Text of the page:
Click Your Answer Below


Would you like to access teaching points and more information on this topic?

Improve Content - Become an Author or Editor and get free access to the entire database, free eBooks, as well as free CME/CE as it becomes available. If interested, please click on "Sign Up" to register.

Purchase- Want immediate access to questions, answers, and teaching points? They can be purchased above at Apps and eBooks.


Sign Up
Which is not a treatment of juvenile dermatomyositis?



Click Your Answer Below


Would you like to access teaching points and more information on this topic?

Improve Content - Become an Author or Editor and get free access to the entire database, free eBooks, as well as free CME/CE as it becomes available. If interested, please click on "Sign Up" to register.

Purchase- Want immediate access to questions, answers, and teaching points? They can be purchased above at Apps and eBooks.


Sign Up

Juvenile Dermatomyositis - References

References

Lundberg IE,Tjärnlund A,Bottai M,Werth VP,Pilkington C,Visser M,Alfredsson L,Amato AA,Barohn RJ,Liang MH,Singh JA,Aggarwal R,Arnardottir S,Chinoy H,Cooper RG,Dankó K,Dimachkie MM,Feldman BM,Torre IG,Gordon P,Hayashi T,Katz JD,Kohsaka H,Lachenbruch PA,Lang BA,Li Y,Oddis CV,Olesinska M,Reed AM,Rutkowska-Sak L,Sanner H,Selva-O'Callaghan A,Song YW,Vencovsky J,Ytterberg SR,Miller FW,Rider LG, 2017 European League Against Rheumatism/American College of Rheumatology classification criteria for adult and juvenile idiopathic inflammatory myopathies and their major subgroups. Annals of the rheumatic diseases. 2017 Dec     [PubMed]
Sukumaran S,Palmer T,Vijayan V, Heliotrope Rash and Gottron Papules in a Child with Juvenile Dermatomyositis. The Journal of pediatrics. 2016 Apr     [PubMed]
Kumar A,Gupta A,Suri D,Gupta A,Singh S, The Expanding Spectrum of Gottron Papules in Juvenile Dermatomyositis. Indian journal of pediatrics. 2017 Mar     [PubMed]
Nagar RP,Bharati J,Sheriff A,Priyadarshini P,Chumber S,Kabra SK, Calcinosis in juvenile dermatomyositis mimicking cold abscess. The National medical journal of India. 2016 Mar-Apr     [PubMed]
Orandi AB,Baszis KW,Dharnidharka VR,Huber AM,Hoeltzel MF, Assessment, classification and treatment of calcinosis as a complication of juvenile dermatomyositis: a survey of pediatric rheumatologists by the childhood arthritis and rheumatology research alliance (CARRA). Pediatric rheumatology online journal. 2017 Sep 21     [PubMed]
Saini I,Kalaivani M,Kabra SK, Calcinosis in juvenile dermatomyositis: frequency, risk factors and outcome. Rheumatology international. 2016 Jul     [PubMed]
Besançon A,Brochard K,Dupic L,Gitiaux C,Delville M,Krid S,Quartier P,Saire E,Salomon R,Talbotec C,Bodemer C,Bader-Meunier B, Presentations and outcomes of juvenile dermatomyositis patients admitted to intensive care units. Rheumatology (Oxford, England). 2017 Oct 1     [PubMed]
Oberle EJ,Bayer ML,Chiu YE,Co DO, How Often are Pediatric Patients with Clinically Amyopathic Dermatomyositis Truly Amyopathic? Pediatric dermatology. 2017 Jan     [PubMed]
Ladd PE,Emery KH,Salisbury SR,Laor T,Lovell DJ,Bove KE, Juvenile dermatomyositis: correlation of MRI at presentation with clinical outcome. AJR. American journal of roentgenology. 2011 Jul     [PubMed]
Silverberg JI,Kwa L,Kwa MC,Laumann AE,Ardalan K, Cardiovascular and cerebrovascular comorbidities of juvenile dermatomyositis in US children: an analysis of the National Inpatient Sample. Rheumatology (Oxford, England). 2018 Apr 1     [PubMed]
Pouessel G,Deschildre A,Le Bourgeois M,Cuisset JM,Catteau B,Karila C,Nève V,Thumerelle C,Quartier P,Tillie-Leblond I, The lung is involved in juvenile dermatomyositis. Pediatric pulmonology. 2013 Oct     [PubMed]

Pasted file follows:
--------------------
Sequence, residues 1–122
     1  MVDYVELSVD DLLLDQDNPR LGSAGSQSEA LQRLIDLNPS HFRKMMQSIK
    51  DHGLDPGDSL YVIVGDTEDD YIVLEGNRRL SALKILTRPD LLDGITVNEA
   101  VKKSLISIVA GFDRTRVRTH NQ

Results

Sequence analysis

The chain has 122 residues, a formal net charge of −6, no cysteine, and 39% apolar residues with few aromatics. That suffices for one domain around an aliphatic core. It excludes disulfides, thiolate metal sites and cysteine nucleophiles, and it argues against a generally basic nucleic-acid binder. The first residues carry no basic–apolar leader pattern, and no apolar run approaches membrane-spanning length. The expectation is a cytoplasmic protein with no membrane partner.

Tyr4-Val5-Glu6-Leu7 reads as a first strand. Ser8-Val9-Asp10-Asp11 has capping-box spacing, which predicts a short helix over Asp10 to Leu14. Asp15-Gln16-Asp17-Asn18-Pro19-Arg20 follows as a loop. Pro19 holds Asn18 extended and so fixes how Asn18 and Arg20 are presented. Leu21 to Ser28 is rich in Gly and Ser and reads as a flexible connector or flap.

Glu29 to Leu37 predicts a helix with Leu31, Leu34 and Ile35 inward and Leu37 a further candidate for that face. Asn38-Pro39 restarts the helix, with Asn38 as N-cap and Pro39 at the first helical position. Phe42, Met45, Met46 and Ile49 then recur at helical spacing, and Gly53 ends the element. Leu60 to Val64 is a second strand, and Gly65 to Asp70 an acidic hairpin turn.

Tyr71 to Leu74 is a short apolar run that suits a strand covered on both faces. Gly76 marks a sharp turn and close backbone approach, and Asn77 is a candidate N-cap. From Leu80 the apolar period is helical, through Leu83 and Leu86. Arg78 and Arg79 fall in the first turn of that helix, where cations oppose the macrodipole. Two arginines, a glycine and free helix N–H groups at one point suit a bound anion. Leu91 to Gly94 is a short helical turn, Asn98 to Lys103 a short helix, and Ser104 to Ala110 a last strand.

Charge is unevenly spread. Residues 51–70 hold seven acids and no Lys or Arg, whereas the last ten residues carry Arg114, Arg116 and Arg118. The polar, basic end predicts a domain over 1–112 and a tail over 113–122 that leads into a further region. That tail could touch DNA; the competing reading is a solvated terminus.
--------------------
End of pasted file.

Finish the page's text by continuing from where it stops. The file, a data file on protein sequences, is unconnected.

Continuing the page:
McCann LJ,Pain CE, A Practical Approach to Juvenile Dermatomyositis and Juvenile Scleroderma. Indian journal of pediatrics. 2016 Feb     [PubMed]
Aggarwal R,Loganathan P,Koontz D,Qi Z,Reed AM,Oddis CV, Cutaneous improvement in refractory adult and juvenile dermatomyositis after treatment with rituximab. Rheumatology (Oxford, England). 2017 Feb     [PubMed]
Papadopoulou C,Wedderburn LR, Treatment of Juvenile Dermatomyositis: An Update. Paediatric drugs. 2017 Oct     [PubMed]
Singh S,Suri D,Aulakh R,Gupta A,Rawat A,Kumar RM, Mortality in children with juvenile dermatomyositis: two decades of experience from a single tertiary care centre in North India. Clinical rheumatology. 2014 Nov     [PubMed]
Morris P,Dare J, Juvenile dermatomyositis as a paraneoplastic phenomenon: an update. Journal of pediatric hematology/oncology. 2010 Apr     [PubMed]
Kountz-Edwards S,Aoki C,Gannon C,Gomez R,Cordova M,Packman W, The family impact of caring for a child with juvenile dermatomyositis. Chronic illness. 2017 Dec     [PubMed]

Disclaimer

The intent of StatPearls is to provide practice questions and explanations to assist you in identifying and resolving knowledge deficits. These questions and explanations are not intended to be a source of the knowledge base of all of medicine, nor is it intended to be a board or certification review of Dermatology. The authors or editors do not warrant the information is complete or accurate. The reader is encouraged to verify each answer and explanation in several references. All drug indications and dosages should be verified before administration.

StatPearls offers the most comprehensive database of free multiple-choice questions with explanations and short review chapters ever developed. This system helps physicians, medical students, dentists, nurses, pharmacists, and allied health professionals identify education deficits and learn new concepts. StatPearls is not a board or certification review system for Dermatology, it is a learning system that you can use to help improve your knowledge base of medicine for life-long learning. StatPearls will help you identify your weaknesses so that when you are ready to study for a board or certification exam in Dermatology, you will already be prepared.

Our content is updated continuously through a multi-step peer review process that will help you be prepared and review for a thorough knowledge of Dermatology. When it is time for the Dermatology board and certification exam, you will already be ready. Besides online study quizzes, we also publish our peer-reviewed content in eBooks and mobile Apps. We also offer inexpensive CME/CE, so our content can be used to attain education credits while you study Dermatology.